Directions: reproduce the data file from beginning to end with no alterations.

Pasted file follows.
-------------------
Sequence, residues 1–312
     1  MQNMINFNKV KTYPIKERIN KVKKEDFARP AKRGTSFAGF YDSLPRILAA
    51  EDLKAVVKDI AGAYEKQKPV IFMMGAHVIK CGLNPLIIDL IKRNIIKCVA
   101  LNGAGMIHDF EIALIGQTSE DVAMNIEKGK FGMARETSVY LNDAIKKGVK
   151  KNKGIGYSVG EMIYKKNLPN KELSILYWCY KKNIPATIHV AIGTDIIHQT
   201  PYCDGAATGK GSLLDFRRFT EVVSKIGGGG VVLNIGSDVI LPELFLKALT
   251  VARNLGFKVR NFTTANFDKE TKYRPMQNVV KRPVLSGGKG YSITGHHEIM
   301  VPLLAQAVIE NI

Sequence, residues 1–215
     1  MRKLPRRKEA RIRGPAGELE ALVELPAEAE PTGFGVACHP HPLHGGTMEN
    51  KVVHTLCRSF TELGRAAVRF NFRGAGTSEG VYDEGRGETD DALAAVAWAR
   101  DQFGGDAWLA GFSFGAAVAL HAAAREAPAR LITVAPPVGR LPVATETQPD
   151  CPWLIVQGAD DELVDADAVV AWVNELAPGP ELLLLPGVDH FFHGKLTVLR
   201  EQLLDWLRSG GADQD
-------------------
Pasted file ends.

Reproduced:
Sequence, residues 1–312
     1  MQNMINFNKV KTYPIKERIN KVKKEDFARP AKRGTSFAGF YDSLPRILAA
    51  EDLKAVVKDI AGAYEKQKPV IFMMGAHVIK CGLNPLIIDL IKRNIIKCVA
   101  LNGAGMIHDF EIALIGQTSE DVAMNIEKGK FGMARETSVY LNDAIKKGVK
   151  KNKGIGYSVG EMIYKKNLPN KELSILYWCY KKNIPATIHV AIGTDIIHQT
   201  PYCDGAATGK GSLLDFRRFT EVVSKIGGGG VVLNIGSDVI LPELFLKALT
   251  VARNLGFKVR NFTTANFDKE TKYRPMQNVV KRPVLSGGKG YSITGHHEIM
   301  VPLLAQAVIE NI

Sequence, residues 1–215
     1  MRKLPRRKEA RIRGPAGELE ALVELPAEAE PTGFGVACHP HPLHGGTMEN
    51  KVVHTLCRSF TELGRAAVRF NFRGAGTSEG VYDEGRGETD DALAAVAWAR
   101  DQFGGDAWLA GFSFGAAVAL HAAAREAPAR LITVAPPVGR LPVATETQPD
   151  CPWLIVQGAD DELVDADAVV AWVNELAPGP ELLLLPGVDH FFHGKLTVLR
   201  EQLLDWLRSG GADQD